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On the radar: Cigarette taxes up in Virginia as of July 1; will annual sales tax holidays provide a boost in 2020?

As of July 1, 2020, taxes on cigarette prices in Virginia will double. However, before concluding it is a major imposition on taxpayers who smoke, the tax will be a relatively meager $0.60 per pack and still leave Virginia’s rate at the 8th lowest in the 50 states. Even though Virginia is fairly populous state, the increase may not register on a national level when the June CPI data is reported at 8:30 ET on Tuesday, July 14. It all likelihood, it will get lost behind upward pressure on food and energy costs.

The state of Georgia declined to increase cigarette taxes, although taxing on vaping products were hiked along with the age to purchase tobacco products from 18 to 21. Georgia’s tax per pack of cigarettes is the second lowest in the US.

States have been reluctant to raise taxes during the long expansion and have had less pressure to do so as state and local economies have managed to prosper, especially during the last few years of the long expansion. When pushed by necessity, states will often first turn to “sin” taxes on items like cigarettes and alcohol rather than broader taxes like those on retail sales and real property which are even more unpopular among consumers. It is harder to gauge taxes on vaping products since those cannot be neatly categorized by pack. It can be by the volume of product purchased or on the wholesale value. Not all states tax these, and some is by local governments. In any case, this is another sin tax item that is likely to be an easier target for generating tax revenue.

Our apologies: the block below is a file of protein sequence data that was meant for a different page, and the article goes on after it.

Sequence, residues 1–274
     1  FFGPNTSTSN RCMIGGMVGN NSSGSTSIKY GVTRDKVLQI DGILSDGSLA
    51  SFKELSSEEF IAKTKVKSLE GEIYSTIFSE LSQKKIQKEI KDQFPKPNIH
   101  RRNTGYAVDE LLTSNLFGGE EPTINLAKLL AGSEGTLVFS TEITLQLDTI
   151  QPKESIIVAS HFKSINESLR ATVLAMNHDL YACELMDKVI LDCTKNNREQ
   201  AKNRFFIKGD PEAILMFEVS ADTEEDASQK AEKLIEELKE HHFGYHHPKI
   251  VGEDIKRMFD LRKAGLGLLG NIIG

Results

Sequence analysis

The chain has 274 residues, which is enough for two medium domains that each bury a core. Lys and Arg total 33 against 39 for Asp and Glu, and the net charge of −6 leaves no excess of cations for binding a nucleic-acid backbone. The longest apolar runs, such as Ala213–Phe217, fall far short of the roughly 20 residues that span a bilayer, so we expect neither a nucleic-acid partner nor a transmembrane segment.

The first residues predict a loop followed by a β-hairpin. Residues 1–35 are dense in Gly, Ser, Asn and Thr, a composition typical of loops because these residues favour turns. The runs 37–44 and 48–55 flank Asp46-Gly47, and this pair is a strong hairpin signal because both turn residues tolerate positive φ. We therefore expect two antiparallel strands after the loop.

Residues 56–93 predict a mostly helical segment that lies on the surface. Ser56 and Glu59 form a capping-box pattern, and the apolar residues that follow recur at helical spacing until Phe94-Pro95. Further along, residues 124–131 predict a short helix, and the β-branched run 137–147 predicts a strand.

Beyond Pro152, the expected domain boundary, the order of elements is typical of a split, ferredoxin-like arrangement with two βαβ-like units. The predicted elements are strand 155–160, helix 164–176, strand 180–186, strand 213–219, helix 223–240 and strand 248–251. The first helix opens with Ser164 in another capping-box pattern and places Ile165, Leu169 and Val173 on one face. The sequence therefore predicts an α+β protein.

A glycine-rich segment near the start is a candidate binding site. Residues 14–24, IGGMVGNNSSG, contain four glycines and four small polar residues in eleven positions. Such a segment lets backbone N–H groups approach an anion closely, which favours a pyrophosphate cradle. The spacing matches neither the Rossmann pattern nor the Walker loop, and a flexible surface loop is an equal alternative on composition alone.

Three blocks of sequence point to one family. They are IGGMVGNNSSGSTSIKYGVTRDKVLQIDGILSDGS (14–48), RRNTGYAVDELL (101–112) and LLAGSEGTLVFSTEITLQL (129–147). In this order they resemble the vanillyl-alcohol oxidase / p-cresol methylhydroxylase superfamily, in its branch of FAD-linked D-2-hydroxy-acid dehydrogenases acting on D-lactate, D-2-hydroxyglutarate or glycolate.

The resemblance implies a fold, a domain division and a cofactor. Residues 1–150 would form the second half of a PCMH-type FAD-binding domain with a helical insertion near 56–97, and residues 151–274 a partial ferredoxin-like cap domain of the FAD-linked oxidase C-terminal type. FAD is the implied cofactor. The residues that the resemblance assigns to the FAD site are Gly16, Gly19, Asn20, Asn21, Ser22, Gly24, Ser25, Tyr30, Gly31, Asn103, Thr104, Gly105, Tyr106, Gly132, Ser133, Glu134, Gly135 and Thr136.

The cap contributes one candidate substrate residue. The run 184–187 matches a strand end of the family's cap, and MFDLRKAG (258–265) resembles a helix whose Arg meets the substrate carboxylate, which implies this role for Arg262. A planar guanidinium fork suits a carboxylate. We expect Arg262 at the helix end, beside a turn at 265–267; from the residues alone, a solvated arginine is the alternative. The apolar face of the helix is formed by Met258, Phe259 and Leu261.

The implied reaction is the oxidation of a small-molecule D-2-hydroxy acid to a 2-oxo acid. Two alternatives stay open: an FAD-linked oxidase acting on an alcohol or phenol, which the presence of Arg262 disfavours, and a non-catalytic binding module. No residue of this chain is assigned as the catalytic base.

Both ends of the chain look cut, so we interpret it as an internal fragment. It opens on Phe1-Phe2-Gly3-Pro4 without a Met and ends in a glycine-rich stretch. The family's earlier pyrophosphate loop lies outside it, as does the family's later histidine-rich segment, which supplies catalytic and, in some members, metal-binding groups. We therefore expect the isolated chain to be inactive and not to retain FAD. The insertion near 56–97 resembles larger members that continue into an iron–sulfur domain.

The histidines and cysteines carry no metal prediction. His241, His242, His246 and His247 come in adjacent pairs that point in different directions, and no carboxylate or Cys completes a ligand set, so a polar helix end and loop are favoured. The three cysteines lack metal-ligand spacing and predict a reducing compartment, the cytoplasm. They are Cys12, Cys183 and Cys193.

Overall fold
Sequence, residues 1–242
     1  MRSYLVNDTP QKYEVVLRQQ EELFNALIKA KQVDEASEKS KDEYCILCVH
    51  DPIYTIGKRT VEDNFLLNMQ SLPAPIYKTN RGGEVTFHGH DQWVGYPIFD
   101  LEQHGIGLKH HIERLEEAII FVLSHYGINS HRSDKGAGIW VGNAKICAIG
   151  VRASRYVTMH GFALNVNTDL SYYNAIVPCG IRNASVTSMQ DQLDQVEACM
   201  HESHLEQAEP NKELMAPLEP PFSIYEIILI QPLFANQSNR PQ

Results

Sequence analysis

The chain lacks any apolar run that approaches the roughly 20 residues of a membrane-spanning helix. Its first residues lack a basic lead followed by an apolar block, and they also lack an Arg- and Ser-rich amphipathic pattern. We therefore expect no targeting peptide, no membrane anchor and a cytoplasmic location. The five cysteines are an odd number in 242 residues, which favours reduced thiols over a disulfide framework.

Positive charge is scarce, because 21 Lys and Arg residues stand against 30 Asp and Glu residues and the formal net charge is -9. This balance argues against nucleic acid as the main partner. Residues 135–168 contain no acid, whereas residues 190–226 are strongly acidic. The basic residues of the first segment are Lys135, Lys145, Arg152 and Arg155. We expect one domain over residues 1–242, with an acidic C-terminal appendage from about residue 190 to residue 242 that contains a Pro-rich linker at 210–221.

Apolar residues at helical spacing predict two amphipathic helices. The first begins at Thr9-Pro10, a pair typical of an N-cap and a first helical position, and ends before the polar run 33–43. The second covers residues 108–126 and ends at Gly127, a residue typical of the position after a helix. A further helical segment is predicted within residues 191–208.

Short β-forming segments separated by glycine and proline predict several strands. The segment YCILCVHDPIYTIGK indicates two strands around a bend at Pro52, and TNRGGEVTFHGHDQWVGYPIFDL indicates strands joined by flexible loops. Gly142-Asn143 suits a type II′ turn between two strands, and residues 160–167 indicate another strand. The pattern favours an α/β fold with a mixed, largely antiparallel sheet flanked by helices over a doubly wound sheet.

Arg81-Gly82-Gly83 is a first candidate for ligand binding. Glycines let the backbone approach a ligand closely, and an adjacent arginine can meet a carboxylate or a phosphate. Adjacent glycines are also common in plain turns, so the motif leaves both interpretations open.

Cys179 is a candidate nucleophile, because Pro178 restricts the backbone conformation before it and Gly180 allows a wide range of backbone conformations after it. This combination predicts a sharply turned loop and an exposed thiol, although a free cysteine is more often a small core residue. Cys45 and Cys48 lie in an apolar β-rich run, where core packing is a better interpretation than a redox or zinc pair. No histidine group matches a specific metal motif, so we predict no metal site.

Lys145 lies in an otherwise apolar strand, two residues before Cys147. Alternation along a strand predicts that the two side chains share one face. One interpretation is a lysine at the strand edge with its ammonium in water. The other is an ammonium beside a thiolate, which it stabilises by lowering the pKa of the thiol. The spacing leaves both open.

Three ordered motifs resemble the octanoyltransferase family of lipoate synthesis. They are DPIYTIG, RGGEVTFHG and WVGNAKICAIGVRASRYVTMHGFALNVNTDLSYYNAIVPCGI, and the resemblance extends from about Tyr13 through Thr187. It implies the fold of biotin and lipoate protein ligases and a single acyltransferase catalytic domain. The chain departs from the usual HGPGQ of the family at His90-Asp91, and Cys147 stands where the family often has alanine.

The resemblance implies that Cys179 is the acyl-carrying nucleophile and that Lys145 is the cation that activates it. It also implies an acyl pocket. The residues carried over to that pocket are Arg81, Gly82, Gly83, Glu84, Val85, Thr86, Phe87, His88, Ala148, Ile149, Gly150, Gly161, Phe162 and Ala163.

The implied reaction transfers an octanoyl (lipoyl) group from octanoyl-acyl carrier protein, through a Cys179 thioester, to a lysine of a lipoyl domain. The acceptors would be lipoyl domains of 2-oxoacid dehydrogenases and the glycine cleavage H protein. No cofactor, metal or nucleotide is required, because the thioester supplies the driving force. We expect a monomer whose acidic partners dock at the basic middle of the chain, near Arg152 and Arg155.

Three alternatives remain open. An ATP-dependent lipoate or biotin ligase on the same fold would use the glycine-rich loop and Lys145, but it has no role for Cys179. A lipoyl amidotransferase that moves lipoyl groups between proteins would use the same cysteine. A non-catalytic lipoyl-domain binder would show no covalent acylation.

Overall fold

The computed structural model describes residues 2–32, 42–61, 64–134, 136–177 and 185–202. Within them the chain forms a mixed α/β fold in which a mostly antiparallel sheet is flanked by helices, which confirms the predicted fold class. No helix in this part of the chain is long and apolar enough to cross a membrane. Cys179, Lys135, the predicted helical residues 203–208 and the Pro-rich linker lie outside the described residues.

Speaking of sales taxes and consumer, the time of year when several states host annual sales tax holidays for back-to-school items is coming up soon. Retailers and consumers like these events, while governments are loath to lose the tax revenue. For retailers it provides a summer promotional period that can help jumpstart fall merchandise sales. For consumers, it can benefit not only those with kids in school as it can save a few dollars on some big ticket items like computers. This year state governments may feel an impulse to cancel the event. However, on balance the positive aspects of encouraging consumer spending and supporting local businesses – and jobs – should quash that.

What is more problematic for back-to-school sales is whether students will indeed be heading back to school. The spread of COVID-19 and the ongoing pandemic may mean that many school districts and colleges will be forced to continue to offer education on-line rather than in person. There may be a lot less demand for school supplies and accessories in 2020.

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